Like

    • When we review the past, it seems plausible to fear a return of permanent drought. We have spent a great deal of time in the Southwest, and see reminders of a long forgotten verdant past. When there is a rainfall, the water runs into flash floods on the dry ground. My aunt and uncle spent 30 years in Saudi Arabia, and on archeological digs, frequently dug not only remnants of a household past, but seashells!

      I remember your rainfall of 2013. That was the year our granddaughter and her husband were planning to move to London. She said it rained for months. He was the European director of Skype for Microsoft. As it turned out, he had to spend so much time in China and Estonia, it didn’t seem feasible to live in London.

      Like

      • How interesting about your aunt and uncle! Their discoveries bring home to you the volatility of the Earth’s climate and the impermanence of familiar surroundings. The rate of change reminds us of the fragility of the environment. No doubt human activities are a factor and the slightest adjustments may cause major change.

        That your grandaughter and her husband decided not to live in London was London’s loss. His is a key appointment in the development of computing. I should like to know his views on prediction of long-range climate change. I had always supposed that the so-called “butterfly effect” meant this was impossible, however powerful the computers.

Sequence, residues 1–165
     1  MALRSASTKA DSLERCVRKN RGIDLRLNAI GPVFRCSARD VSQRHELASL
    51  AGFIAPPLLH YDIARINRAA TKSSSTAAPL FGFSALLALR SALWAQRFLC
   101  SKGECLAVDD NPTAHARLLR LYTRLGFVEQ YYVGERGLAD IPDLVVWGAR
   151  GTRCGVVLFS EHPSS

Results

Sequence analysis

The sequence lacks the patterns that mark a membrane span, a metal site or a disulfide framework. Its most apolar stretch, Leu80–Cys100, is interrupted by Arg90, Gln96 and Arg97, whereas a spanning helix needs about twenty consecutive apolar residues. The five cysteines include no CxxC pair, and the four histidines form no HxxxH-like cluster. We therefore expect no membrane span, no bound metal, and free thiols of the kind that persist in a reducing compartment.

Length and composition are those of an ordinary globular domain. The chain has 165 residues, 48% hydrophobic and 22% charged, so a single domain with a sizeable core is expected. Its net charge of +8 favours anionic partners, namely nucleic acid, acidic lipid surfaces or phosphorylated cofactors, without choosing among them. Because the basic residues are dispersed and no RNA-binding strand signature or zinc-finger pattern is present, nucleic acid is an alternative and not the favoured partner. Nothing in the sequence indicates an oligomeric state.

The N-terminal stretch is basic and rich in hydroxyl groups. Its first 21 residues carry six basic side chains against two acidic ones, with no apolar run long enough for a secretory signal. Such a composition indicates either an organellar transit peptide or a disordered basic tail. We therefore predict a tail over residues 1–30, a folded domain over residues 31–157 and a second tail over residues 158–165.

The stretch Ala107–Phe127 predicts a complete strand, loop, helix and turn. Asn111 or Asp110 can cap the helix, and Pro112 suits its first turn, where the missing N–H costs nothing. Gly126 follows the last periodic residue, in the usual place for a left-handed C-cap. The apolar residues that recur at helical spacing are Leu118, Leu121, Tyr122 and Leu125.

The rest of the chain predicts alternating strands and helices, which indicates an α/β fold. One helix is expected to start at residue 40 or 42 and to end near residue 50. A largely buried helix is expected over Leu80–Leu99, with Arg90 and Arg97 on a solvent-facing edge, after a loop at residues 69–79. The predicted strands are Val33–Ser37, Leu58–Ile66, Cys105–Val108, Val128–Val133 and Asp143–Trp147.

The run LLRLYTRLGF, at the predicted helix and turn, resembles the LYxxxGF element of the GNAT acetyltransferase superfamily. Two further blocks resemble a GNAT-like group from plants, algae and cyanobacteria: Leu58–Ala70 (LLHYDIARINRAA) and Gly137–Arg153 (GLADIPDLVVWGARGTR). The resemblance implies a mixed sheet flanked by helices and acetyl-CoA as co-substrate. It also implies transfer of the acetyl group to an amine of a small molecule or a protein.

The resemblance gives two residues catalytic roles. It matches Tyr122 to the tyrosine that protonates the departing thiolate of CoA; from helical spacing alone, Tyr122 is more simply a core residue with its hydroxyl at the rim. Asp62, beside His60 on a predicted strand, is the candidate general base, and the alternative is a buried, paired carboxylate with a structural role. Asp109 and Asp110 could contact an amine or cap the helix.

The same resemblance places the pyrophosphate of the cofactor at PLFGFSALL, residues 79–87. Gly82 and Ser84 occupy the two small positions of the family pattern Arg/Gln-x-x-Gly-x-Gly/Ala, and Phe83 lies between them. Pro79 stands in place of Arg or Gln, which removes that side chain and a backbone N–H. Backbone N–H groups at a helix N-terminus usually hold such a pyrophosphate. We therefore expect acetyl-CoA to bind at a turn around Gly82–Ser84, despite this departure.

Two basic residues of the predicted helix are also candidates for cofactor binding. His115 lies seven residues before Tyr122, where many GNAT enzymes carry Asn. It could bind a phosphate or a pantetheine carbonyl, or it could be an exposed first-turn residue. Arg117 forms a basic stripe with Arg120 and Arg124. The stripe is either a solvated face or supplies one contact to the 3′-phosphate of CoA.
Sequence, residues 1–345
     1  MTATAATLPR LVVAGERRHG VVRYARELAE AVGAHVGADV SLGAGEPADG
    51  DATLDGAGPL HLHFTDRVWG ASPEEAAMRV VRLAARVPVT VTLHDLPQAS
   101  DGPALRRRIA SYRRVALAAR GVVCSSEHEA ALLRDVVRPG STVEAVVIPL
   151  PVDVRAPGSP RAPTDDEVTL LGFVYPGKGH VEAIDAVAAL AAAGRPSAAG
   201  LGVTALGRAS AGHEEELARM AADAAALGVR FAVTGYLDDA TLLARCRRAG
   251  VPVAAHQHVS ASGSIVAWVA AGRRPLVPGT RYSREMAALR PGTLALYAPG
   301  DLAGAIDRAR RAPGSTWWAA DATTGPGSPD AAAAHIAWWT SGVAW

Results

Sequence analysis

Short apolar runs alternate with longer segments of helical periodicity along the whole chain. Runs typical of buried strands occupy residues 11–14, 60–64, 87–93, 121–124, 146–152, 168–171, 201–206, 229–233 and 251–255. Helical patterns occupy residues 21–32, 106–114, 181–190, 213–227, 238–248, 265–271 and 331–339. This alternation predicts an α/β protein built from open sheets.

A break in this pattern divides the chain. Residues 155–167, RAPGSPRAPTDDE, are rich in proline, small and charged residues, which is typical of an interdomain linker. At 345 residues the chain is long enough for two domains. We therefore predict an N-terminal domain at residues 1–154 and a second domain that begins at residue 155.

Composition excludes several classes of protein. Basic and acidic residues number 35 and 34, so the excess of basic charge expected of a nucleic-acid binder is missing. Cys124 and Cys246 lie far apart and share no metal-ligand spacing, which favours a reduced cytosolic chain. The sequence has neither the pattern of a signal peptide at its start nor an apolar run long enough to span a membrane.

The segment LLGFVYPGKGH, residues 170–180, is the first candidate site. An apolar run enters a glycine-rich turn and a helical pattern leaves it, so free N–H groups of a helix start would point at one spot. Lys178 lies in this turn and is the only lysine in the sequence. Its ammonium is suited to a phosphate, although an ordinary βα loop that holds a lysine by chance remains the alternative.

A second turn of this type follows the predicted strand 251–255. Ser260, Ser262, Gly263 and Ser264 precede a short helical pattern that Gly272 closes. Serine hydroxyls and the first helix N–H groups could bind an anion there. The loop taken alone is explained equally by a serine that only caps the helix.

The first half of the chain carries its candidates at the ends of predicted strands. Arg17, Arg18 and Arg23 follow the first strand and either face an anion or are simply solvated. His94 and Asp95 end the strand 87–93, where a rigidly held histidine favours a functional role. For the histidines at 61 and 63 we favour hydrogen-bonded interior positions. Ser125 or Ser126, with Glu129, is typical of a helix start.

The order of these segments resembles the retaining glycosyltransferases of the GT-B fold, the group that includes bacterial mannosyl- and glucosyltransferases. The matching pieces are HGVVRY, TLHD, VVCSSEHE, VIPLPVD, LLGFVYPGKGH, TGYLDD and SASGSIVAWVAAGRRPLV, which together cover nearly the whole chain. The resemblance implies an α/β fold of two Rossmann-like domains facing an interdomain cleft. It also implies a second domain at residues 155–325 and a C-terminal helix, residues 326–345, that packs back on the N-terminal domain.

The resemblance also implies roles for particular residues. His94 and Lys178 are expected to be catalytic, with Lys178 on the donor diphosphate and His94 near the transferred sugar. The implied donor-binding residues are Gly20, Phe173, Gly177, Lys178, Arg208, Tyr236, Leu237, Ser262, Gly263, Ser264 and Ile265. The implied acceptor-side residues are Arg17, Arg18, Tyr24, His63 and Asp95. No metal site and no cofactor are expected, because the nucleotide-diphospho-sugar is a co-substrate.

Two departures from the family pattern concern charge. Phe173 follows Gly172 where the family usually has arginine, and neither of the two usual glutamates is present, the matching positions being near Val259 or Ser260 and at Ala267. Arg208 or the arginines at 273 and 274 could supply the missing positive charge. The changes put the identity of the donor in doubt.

There is no escaping, however, the harmful effects of waste and pollution, whatever the implications for climate change.

        Yes, you’re right. 2013 was a wet year as well as this year. Your grip on events is stronger than mine!

        Like

  5. I should, of course, have referred to 2013 and 2014 in my penultimate paragraph. Time, that other inexorable force, is hard to keep up with at age seventy-one.

    Like

  6. During our most recent bad drought in 2011, it became almost unbearable. Houston lost something like 600,000 trees. Wildfires abounded. Farmers sold their cattle because there was no grass. All of the usual complications arose, including broken water lines from the ground drying out and shifting.

    The thing about drought is that it’s a silent, slow-motion disaster. A hurricane? You prepare. It comes, it goes. Cleanup proceeds apace. Likewise with tornados, or earthquakes. But drought? It gets on your nerves, and pretty soon everyone is irritable. Despair is just down the road. “Waiting for Rain” was the title of one of my drought posts. “Waiting” defines life in drought.

    For us, getting out of it took a good bit of time, too. When the first rains began to come, the moisture simply evaporated. It took time for the atmosphere to moisten back up. But it did — and you’d better believe I hope yours does too, and quickly!